Financial Myths: "Go West, Young Man"

Michael McTague  |

This famous comment attributed to Horace Greeley galvanized many during the nineteenth century. At that time the West was the modern Mid-West. Over time, the center of US population shifted westward. (Note, however, that the geographical center of North America has not changed!) The majority of Americans acted on this myth even if they weren’t conscious that someone had made the statement. But, does the myth still retain its power?

Wealth, Western Style

Is the West a fruitful place for business? Bill Gates, Warren Buffett and Larry Ellison, respectively number 1, 2 and 3 in wealth in the US are firmly planted in the western half of the country. Warren Buffett, the dean of this affluent trio, affirms the myth. After spectacular early success, the Oracle of Omaha bought Burlington Northern Railroad,  headquartered in Texas, and is involved in “clean coal,” which carries less sulphur. At a time when people worry about clean air and toxic emissions, coal, which generates about half the electricity in the US, retains a gritty image. But “clean coal,” if you will pardon the oxymoron, appeals to many. Where does this power-producing elixir hail from? The coal deposits with the lowest carbon content are found in the western half of the US. Texas, North Dakota and Wyoming stand out for their stockpile and for mining a good deal of it. Buffett has added to his fortune by shipping it to power plants.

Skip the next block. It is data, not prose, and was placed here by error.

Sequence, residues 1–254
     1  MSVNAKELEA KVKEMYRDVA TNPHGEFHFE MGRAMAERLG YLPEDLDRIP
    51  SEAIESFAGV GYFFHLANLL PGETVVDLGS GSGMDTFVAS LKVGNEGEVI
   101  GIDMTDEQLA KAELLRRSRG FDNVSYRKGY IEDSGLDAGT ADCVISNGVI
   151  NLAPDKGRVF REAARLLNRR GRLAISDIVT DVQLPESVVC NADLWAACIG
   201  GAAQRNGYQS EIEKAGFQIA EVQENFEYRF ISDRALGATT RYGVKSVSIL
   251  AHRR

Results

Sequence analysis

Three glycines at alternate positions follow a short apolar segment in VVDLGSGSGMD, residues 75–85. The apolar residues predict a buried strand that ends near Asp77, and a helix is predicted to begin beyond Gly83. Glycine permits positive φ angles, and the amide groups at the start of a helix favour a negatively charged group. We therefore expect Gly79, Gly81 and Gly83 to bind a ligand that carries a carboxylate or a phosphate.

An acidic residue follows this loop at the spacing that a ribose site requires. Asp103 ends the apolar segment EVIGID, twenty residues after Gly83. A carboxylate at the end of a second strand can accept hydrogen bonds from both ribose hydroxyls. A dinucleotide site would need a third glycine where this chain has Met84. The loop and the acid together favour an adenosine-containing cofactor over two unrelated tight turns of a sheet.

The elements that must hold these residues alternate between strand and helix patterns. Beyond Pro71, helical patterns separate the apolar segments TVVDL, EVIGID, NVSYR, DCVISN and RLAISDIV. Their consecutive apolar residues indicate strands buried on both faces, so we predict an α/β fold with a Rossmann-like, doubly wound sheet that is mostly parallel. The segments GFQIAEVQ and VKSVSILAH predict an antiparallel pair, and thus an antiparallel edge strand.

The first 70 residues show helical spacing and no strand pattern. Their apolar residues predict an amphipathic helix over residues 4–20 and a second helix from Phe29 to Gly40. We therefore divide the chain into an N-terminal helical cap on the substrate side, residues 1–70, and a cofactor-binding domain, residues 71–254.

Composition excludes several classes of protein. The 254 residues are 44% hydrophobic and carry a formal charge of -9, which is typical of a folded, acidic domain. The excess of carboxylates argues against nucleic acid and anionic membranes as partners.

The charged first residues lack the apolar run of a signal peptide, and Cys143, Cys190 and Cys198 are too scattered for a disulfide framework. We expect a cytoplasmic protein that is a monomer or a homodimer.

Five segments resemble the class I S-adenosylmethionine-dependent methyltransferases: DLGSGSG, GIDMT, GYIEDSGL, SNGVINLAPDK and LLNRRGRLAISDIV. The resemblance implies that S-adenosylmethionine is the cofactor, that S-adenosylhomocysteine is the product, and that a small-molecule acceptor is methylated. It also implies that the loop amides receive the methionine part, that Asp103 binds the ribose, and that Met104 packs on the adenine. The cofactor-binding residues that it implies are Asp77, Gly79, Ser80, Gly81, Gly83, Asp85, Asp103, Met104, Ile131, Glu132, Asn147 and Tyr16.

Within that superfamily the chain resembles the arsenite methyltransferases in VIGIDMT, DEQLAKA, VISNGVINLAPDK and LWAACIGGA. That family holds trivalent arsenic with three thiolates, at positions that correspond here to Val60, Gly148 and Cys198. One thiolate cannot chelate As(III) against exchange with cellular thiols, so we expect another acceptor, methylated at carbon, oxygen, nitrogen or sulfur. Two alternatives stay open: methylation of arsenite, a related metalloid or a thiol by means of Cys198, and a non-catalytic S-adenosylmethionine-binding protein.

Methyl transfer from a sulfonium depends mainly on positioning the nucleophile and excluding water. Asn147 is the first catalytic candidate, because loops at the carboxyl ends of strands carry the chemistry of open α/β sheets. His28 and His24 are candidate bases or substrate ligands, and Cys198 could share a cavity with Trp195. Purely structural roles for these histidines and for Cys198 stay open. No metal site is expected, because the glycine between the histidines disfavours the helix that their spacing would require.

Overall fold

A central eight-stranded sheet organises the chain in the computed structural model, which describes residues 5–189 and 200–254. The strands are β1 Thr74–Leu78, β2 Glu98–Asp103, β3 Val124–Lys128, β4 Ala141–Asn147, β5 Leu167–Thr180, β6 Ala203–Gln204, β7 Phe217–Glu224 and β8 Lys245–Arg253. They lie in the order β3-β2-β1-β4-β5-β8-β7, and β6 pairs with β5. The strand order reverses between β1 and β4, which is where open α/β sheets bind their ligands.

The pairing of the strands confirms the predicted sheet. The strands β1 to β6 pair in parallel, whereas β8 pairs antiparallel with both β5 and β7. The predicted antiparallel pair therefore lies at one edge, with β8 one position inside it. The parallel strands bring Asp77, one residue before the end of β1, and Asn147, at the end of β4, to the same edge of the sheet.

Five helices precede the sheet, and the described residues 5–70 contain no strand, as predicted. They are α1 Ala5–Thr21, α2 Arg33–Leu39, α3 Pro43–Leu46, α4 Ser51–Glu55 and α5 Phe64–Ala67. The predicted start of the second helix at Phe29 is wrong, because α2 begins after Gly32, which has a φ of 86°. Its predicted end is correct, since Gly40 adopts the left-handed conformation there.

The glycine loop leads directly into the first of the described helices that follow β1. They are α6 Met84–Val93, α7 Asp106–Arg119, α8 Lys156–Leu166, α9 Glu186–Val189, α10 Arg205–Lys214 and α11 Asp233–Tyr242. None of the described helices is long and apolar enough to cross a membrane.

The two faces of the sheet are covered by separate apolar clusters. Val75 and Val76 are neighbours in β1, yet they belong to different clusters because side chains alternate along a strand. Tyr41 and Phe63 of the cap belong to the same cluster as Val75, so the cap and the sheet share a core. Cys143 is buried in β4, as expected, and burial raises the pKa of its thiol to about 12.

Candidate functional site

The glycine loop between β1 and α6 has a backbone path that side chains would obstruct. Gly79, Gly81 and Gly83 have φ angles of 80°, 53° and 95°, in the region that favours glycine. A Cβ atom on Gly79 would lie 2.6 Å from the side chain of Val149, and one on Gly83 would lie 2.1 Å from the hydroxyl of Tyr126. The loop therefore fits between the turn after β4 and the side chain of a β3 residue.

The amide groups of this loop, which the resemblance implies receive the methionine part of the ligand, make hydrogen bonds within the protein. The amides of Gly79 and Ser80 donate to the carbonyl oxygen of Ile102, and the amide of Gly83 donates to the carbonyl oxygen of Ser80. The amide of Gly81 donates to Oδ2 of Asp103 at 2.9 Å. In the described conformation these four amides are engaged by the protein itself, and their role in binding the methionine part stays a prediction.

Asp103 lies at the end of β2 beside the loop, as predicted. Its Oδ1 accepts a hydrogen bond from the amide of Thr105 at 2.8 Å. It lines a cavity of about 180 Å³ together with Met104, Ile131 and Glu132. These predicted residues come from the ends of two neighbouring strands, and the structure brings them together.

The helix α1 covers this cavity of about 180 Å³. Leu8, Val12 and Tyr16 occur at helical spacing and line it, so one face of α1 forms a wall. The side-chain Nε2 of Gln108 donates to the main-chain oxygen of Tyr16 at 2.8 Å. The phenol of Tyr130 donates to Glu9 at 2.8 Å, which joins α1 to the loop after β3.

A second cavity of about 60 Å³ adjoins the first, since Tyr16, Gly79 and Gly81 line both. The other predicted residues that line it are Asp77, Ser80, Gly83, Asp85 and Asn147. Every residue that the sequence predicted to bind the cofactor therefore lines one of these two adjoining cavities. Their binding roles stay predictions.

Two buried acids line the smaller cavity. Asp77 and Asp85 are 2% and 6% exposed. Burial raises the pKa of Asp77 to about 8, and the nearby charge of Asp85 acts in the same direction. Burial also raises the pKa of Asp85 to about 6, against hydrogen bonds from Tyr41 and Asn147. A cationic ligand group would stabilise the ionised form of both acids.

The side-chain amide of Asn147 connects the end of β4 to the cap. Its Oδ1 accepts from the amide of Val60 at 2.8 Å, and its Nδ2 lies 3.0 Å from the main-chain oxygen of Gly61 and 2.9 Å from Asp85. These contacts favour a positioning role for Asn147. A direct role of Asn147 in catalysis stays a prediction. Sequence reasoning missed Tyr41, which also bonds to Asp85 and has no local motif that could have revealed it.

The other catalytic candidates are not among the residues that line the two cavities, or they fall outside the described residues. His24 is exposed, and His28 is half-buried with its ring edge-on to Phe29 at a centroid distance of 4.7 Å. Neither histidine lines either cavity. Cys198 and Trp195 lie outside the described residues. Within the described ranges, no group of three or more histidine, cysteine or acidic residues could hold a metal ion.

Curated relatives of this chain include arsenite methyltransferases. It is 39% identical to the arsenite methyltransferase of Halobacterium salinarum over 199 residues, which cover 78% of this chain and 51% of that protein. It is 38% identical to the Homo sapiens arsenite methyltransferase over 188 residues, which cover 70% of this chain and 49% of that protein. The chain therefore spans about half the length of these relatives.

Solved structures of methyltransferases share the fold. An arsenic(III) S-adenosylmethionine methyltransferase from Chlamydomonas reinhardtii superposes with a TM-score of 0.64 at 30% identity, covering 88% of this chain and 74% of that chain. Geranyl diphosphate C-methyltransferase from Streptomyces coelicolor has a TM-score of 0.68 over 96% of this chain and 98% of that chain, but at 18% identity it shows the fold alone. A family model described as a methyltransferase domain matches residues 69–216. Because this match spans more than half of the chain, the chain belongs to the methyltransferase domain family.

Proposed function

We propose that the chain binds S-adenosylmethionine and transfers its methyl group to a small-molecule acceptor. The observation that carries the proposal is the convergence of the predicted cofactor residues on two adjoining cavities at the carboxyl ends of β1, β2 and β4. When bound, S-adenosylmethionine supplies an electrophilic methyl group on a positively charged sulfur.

Go West, Old Man?

The young man part of the myth begs the question, what about old men? If you subscribe to the Wall Street Journal or check out Yahoo Finance regularly, you will be inundated with articles about retirement. Everyone seems to have a list of the best and worst states in which to retire. The good and bad list may be sandwiched between a raft of articles about retirement savings. For example, have you saved enough? Should you try a Roth IRA? Will Social Security go bankrupt? You might wonder if the go west adage still applies. Let’s see what the myth buster can do.

Here are AARP’s top ten states for retirees:

  • Hawaii
  • Idaho
  • Utah
  • Arizona
  • Virginia
  • Colorado
  • Florida